Ge­orge Fink is a man who likes to go against the grain. “My whole life I’ve been con­trar­ian,” says the chair­man and CEO of Bon­terra En­ergy. “When ev­ery­one is sell­ing we tend to buy, and when ev­ery­one is buy­ing we tend to sell.” Fink might be con­trar­ian but he’s also highly ef­fec­tive, par­tic­u­larly in his role as chair­man. In fact, Fink is the chair­man not only of Bon­terra – a light oil-weighted com­pany that pro­duced ap­prox­i­mately 12,400 boe/d dur­ing the first six months of 2015 – but nat­u­ral gas pro­ducer Pine Cliff En­ergy too. De­spite a cli­mate where many ju­nior com­pa­nies are in dis­tress, Bon­terra and Pine Cliff are do­ing fine.

That’s due in no small part to Fink and the lead­er­ship he pro­vides for both com­pa­nies. Dur­ing a ca­reer in the re­source ex­trac­tion busi­ness span­ning four decades, Fink has founded gold pro­ducer Comaplex Min­er­als in the 1980s (it was bought by Ag­nico Ea­gle in 2010), Bon­terra in the 1990s and Pine Cliff in 2007. And dur­ing that time he’s de­vel­oped a rep­u­ta­tion as a vi­sion­ary whose com­pa­nies are suc­cess­ful in large part be­cause they use their cap­i­tal wisely. Fink needed all of his tal­ents dur­ing the dark days of 2015, a pe­riod he says is “tied for se­cond” as the worst in­dus­try down­turn he’s ever ex­pe­ri­enced.

But while other ju­niors spent the year swim­ming in red ink and fight­ing for sur­vival, Bon­terra re­ported a loss of only $4.6 mil­lion dur­ing the first two quar­ters of 2015, and still man­aged to con­tinue pay­ing a monthly div­i­dend of 15 cents per share. As its CEO, Fink must fo­cus on the day-to­day op­er­a­tions of Bon­terra. The chair­man’s role, on the other hand, re­quires a dif­fer­ent mind­set. The chair of a com­pany’s board of di­rec­tors must be many things – a big-pic­ture thinker, a men­tor, a net­worker and a crit­i­cal mind who is will­ing to chal­lenge man­age­ment if nec­es­sary.

As a men­tor, Fink was re­spon­si­ble for bring­ing Pine Cliff CEO Phil Hodge into the fold in 2012. Hodge has praised Fink’s work ethic, busi­ness acu­men and low-key lead­er­ship style as Pine Cliff has con­tin­ued to grow pro­duc­tion from unloved as­sets in Western Canada, mostly dry nat­u­ral gas in its core Car­rot Creek area in Al­berta. Fink has plenty to do as CEO and chair­man of Bon­terra, but he still works closely with Hodge on Pine Cliff’s busi­ness. “He and I spend on av­er­age an hour to­gether ev­ery day talk­ing about things,” Fink says. “There would not be a day that would go by that we would not speak.”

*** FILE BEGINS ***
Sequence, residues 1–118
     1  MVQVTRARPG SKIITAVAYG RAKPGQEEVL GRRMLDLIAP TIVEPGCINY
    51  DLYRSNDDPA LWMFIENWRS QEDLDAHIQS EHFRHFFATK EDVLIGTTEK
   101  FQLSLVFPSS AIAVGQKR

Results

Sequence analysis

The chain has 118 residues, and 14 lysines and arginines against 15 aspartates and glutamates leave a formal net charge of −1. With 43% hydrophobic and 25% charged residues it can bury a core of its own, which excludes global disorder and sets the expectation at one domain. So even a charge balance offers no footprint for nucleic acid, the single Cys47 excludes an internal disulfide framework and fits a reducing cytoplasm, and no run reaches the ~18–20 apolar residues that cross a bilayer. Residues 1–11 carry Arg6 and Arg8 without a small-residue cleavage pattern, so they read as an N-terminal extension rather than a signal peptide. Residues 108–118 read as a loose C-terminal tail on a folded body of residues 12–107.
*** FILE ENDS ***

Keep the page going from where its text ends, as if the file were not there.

Chal­leng­ing man­age­ment on its strate­gic de­ci­sions, a key re­spon­si­bil­ity of any board chair, might seem like a dif­fi­cult thing to achieve at Bon­terra given that Fink is both chair­man and CEO. It’s an ar­range­ment that’s frowned upon by some in­sti­tu­tional in­vestors, but Fink says 70 per cent of the com­pany’s shares are owned by retail in­vestors who have been with the com­pany for over 20 years, and they want him hold­ing both roles. He be­lieves hav­ing se­nior man­age­ment so in­vested at the board level can be a big plus for a com­pany. “I’d in­vest in other com­pa­nies if the CEO was heav­ily in­volved in the board and not just a per­son who is go­ing to take ad­vice from the board,” Fink says. “It may not be what the street wants us to do, but it seems to work for us.”

In­deed, it does. Pro­duc­tion vol­umes were flat in 2015, but Bon­terra man­aged to do that de­spite slash­ing cap­i­tal spend­ing by nearly $60 mil­lion dur­ing the first six months of the year com­pared to the same pe­riod in 2014. The com­pany saw its well costs drop from an av­er­age of be­tween $2.8 mil­lion and $3 mil­lion per well, to $2 mil­lion. And Fink con­tin­ued with his con­trar­ian ways. In Fe­bru­ary of 2015, Bon­terra an­nounced a $172-mil­lion deal to ac­quire oil and gas as­sets from En­er­plus in the Pem­bina Cardium oil field at a time when most ju­niors were lay­ing low or sell­ing off as­sets.

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